“It’s totally different,” he says.
“In any team environment you’re going to have frustrations from time to time at how things are.
“With this team, I started it, I’ve been involved in every decision, every hiring and firing to make sure I’ve got the right people. It has been a fascinating process.
“I’m not a natural showman but I’m deeply passionate about this project, about bringing the Cup home. And this to my mind is the best chance we have and we’re going the best way about it. So I’m more than prepared to put myself forward, take that on and the pressures that come with it.”
Easing those pressures is the new Mrs Ainslie, the former Sky Sports presenter Georgie Thompson.
They met when he was racing in San Francisco in 2013 and married at Hampton Court in December 2014.
“Marriage has helped because it’s now clear what my path is. I’m not worrying about my private life or my future,” he said.
“I really do enjoy that feeling of being settled – especially with all of this going on around me. It’s really important to me to have someone I trust and respect at home to come back to after a really tough day. I try not to take work home too much but it’s brilliant to talk things through with her.”
Georgie, who now presents Fighting Talk on Five Live, helped with the interior design of the Land Rover Ben Ainslie Racing HQ along with Francesca Grade, the wife of Lord Grade, who is a director.
But Sir Ben is quietly relieved that her involvement ended there.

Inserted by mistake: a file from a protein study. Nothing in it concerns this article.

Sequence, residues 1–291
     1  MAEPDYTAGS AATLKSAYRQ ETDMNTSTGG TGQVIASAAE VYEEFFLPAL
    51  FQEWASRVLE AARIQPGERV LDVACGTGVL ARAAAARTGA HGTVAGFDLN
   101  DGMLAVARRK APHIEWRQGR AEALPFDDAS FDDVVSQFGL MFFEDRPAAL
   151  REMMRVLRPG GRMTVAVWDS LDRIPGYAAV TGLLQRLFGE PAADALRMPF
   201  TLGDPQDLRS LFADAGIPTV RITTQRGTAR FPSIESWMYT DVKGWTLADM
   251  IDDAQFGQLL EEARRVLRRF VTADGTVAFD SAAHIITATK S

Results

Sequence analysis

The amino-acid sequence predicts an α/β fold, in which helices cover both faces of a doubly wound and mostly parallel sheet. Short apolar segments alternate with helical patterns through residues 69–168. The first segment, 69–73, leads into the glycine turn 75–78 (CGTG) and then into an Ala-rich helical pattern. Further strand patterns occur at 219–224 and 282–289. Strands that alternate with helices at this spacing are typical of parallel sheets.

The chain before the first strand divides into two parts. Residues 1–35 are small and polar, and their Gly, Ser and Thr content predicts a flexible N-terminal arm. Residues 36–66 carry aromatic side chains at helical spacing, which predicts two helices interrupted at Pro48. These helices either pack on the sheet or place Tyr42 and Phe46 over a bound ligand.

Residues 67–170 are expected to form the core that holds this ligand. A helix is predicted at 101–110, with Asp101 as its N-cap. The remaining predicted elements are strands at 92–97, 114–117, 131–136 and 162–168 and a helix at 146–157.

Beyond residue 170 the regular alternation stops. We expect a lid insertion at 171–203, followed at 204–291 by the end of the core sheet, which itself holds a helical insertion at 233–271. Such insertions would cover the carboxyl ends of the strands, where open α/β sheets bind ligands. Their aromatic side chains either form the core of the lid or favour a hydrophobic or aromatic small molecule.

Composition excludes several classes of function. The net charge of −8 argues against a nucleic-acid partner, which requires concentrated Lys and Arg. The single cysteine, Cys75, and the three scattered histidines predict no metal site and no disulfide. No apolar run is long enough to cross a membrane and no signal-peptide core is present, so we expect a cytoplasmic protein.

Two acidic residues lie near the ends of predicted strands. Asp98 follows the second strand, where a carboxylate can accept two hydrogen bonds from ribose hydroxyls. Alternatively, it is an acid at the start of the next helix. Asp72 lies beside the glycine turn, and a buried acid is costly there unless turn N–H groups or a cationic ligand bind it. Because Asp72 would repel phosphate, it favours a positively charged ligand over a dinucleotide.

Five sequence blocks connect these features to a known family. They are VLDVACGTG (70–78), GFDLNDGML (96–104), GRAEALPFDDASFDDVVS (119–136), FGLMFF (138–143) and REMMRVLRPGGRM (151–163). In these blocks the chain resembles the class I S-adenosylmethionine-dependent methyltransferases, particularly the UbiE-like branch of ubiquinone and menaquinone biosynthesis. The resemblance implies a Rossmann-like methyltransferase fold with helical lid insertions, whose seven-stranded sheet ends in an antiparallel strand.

“That’s probably a good thing. There’s a limit to how much you want to be living together and working together,” he says.
“I’m sure she’s going to be one of our patrons and she’s very supportive. She does media work, she writes a lot and she has started an interior design business with Francesca. She doesn’t sit still, Georgie, she’s always got something going on. It’s never dull.”
Rather like the boats he now sails. The latest generation America’s Cup craft are 45ft wing-sailed, foiling catamarans that rise out of the water and can reach speeds of 45mph – frighteningly quick and hair-raising to sail.
Comparing them with the dinghies and monohulls of Sir Ben’s earlier career is like comparing video recorders with Netflix.
And yet one thing remains the same – it is named Rita.
“All my boats are called Rita,” Sir Ben says.
“When I was a boy I was racing in Tenerife and my mum went off to a church and she came across Saint Rita. I ended up winning and my mum decided this would be my lucky charm. I was about 10 years old. Since then every boat has been called Rita. It’s a nice thing.
“It has been a huge shift with the foiling boats. A lot of the younger guys coming through, that’s all they have known. Others like myself and Iain, we’ve come through Olympic cycles and the old lead mines as we call them, the old America’s Cup boats. But we’ve got the skills.
“And we are really fortunate because we did it in those classic boats, which were awesome, really powerful. There was that whole pre-start match-racing game, really skilful. To have been involved with that was a privilege. And now, these boats are so cool, so much fun to sail, really exhilarating and we’re a part of that too. Two different eras.
“It is a totally different sport. You’re flying really.”
Sir Ben once began to learn to fly planes too but like so many things his desire for a pilot’s licence was put on hold when his Olympic dreams took off.
“I never finished it,” he says.
“It’s on the 10-year plan but it will have to wait. I want the America’s Cup first.”
Some tickets are still available for the America’s Cup World Series in Portsmouth, July 23-26. Go to ticketmaster.co.uk/acwsportsmout
by TIM GOW